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Color Blindness Diagnosis Van Wert OH

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Van WERT Vision Ctr
(419) 238-9244
215 N Market St
Van Wert, OH
 
Cole Vision Corporation
(419) 238-5543
793 Fox Rd
Van Wert, OH
Services
Optometrist

MarkA. Bidlack,O.D.
(419) 238-9244
Van Wert Vision, Ltd.,215 N. Market St.
Van Wert, OH
 
Miller & Miller
(419) 238-9412
321 W Main St
Van Wert, OH
 
Van Wert Vision
Dr. Darren Karcher
(419) 238-9244
1183 Westwood Dr.
Van Wert, OH
 
Miller Vision Center
Dr. Dennis Miller
(419) 238-5503
321 W. Main St.
Van Wert, OH
 
Van Wert Vision Llc
(419) 238-9244
215 N Market St
Van Wert, OH
Services
Optometrist

Miller Optometric
(419) 238-9412
321 W Main St
Van Wert, OH
 
Milena Stekly OD
(419) 232-6004
793 Fox Rd
Van Wert, OH
 
Van WERT Vision Ctr
(419) 238-9244
1183 Westwood Dr
Van Wert, OH
 

Color Blindness Diagnoses and Treatments

Colorblindness is a deficiency in the way colors are seen. With this vision problem, a person has difficulty distinguishing between certain colors, such as red and green or blue and yellow. Red-green color deficiency is by far the most common form of color blindness; less common is the blue-yellow deficiency. It is extremely rare to not be able to distinguish any color at all-this disease is called achromatopsia and usually accompanies other serious eye problems.

The cone cells of the retina are responsible for allowing us to see color. Each cone contains a specific pigment-either red, green, or blue. Color blindness occurs when one of those color pigments is missing or defective. The deficiency may be partial (affecting only some shades of a color) or complete (affecting all shades of the color). Color blindness sometimes occurs after a person is born. Some other diseases that can lead to color blindness include retinis pigmentosa, optic neuropathy, Alzheimer's, diabetes, glaucoma, leukemia, liver disease, alcoholism, age related macular degeneration, multiple sclerosis, Parkinson's, and sickle cell anemia. Injuries or strokes that damage the retina, optic nerve, or particular areas of the brain can also lead to color blindness. Some medications, such as certain antibiotics, barbituates, anit-tuberculosis drugs, high blood pressure meds, and several medications used to treat autoimmune and psychiatric problems, can cause color vision changes as well.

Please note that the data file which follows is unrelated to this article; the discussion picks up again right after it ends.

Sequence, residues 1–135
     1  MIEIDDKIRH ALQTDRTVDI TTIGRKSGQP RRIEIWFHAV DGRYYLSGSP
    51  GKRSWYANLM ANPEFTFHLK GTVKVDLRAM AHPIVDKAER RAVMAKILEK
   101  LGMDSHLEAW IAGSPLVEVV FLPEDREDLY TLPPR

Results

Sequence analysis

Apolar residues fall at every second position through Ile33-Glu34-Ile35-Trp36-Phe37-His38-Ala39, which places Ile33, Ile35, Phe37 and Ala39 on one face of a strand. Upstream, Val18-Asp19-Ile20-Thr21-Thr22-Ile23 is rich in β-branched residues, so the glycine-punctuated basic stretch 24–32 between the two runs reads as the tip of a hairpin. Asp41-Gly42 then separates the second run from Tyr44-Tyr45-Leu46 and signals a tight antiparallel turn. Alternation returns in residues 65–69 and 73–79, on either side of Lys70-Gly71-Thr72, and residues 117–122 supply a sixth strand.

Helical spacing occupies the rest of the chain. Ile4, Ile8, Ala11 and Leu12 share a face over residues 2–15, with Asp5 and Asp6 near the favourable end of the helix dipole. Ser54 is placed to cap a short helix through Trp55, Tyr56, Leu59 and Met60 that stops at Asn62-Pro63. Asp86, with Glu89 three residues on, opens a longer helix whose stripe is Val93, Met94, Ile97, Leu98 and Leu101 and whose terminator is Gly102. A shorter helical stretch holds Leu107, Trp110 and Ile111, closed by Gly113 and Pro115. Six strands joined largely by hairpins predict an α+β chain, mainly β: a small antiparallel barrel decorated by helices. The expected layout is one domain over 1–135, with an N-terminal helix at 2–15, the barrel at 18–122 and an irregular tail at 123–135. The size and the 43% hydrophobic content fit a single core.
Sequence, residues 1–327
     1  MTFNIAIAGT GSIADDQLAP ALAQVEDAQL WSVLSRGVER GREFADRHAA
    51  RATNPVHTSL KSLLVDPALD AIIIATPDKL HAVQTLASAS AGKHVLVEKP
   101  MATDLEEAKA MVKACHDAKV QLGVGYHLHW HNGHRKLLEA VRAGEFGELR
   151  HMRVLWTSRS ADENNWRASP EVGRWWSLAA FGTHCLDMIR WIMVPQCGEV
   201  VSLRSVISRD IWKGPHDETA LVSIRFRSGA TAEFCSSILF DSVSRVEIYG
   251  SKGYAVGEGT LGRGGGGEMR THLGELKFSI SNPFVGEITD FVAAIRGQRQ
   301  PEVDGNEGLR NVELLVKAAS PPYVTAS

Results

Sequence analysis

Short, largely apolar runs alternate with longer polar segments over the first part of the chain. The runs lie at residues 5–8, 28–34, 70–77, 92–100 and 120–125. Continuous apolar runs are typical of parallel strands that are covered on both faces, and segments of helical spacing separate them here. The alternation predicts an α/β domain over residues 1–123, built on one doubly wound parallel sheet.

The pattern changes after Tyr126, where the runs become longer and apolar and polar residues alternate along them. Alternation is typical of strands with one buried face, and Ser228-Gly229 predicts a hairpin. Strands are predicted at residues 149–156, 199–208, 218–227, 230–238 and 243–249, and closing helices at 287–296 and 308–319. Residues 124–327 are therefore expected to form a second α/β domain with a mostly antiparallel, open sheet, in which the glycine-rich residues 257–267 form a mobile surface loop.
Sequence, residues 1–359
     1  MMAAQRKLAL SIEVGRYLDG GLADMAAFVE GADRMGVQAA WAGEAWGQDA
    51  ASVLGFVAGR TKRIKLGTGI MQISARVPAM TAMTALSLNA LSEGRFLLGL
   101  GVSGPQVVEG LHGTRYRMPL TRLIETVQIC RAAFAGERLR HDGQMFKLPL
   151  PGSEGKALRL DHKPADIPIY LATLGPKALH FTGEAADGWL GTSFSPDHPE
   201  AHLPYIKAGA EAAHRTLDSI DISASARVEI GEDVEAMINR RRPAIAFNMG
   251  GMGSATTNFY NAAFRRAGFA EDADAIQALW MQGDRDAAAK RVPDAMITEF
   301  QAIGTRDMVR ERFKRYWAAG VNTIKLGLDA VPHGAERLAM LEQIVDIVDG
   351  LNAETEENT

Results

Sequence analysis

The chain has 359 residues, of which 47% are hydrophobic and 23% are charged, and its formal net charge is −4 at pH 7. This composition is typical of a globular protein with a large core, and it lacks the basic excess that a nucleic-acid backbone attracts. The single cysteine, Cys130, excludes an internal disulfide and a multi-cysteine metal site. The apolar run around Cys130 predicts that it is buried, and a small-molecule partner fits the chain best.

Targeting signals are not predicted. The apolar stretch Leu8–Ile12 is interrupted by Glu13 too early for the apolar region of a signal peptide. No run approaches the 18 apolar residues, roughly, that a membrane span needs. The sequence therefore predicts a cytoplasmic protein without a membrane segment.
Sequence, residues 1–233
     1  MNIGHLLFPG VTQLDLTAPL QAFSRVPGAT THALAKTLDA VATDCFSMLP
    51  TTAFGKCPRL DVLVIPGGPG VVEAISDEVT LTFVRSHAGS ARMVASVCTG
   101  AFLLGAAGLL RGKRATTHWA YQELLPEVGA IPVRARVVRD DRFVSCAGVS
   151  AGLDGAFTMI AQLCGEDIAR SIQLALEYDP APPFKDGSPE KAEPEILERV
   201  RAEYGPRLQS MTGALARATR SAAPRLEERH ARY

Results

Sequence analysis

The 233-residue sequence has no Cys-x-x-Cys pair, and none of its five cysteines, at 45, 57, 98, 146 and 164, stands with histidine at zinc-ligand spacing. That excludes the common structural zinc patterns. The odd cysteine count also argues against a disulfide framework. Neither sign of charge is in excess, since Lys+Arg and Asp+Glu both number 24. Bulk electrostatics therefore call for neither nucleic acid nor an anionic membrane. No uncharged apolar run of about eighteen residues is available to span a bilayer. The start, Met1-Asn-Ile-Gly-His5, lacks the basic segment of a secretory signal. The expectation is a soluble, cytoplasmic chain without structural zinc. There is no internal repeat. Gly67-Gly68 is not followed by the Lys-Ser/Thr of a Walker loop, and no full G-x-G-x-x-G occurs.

Symptoms You May Experience:
Certain colors may appear gray, or two colors that appear different to normal people may appear similar to a person with color blindness. People who are born with color vision problems may not notice the difficulty that they have in distinguishing certain colors when they are young...

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